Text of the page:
When disasters strike, people are not the only victims. Hurricane Katrina raised public attention about how disasters affect dogs, cats, and other animals considered members of the human family. In this short but powerful book, noted sociologist Leslie Irvine goes beyond Katrina to examine how disasters like oil spills, fires, and other calamities affect various animal populations - on factory farms, in research facilities, and in the wild. "Filling the Ark" argues that humans cause most of the risks faced by animals and urges for better decisions about the treatment of animals in disasters. Furthermore, it makes a broad appeal for the ethical necessity of better planning to keep animals out of jeopardy. Irvine not only offers policy recommendations and practical advice for evacuating animals, she also makes a strong case for rethinking our use of animals, suggesting ways to create more secure conditions.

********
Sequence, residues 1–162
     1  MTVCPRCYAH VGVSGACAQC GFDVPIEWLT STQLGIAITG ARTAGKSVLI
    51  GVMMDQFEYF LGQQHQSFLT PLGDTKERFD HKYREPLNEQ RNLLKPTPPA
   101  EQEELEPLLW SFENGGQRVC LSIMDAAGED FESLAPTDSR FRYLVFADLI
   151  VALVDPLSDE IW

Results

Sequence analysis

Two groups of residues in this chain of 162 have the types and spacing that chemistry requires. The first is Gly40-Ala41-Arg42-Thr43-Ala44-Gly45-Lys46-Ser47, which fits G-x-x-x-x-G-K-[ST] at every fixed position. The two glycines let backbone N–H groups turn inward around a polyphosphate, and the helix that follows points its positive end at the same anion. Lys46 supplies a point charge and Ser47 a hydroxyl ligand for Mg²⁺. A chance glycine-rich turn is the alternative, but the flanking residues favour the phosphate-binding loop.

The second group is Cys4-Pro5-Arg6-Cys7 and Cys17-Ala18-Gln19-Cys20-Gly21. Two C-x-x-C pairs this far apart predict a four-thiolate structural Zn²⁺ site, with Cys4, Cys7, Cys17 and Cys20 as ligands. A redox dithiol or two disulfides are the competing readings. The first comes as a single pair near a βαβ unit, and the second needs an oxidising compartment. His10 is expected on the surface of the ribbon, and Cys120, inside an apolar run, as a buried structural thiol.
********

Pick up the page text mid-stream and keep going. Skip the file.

&i;"Filling the Ark is a fascinating combination of scholarship, public policy, and animal advocacy. Leslie Irvine examines the plight of animals in the face of man-made and natural disasters in light of larger issues associated with our society's ambivalence about the moral status of other species The writing is excellent and the author's first hand experiences rescuing companion animals during Hurricane Katrina are compelling."&o;
- Harold Herzog, Western Carolina University
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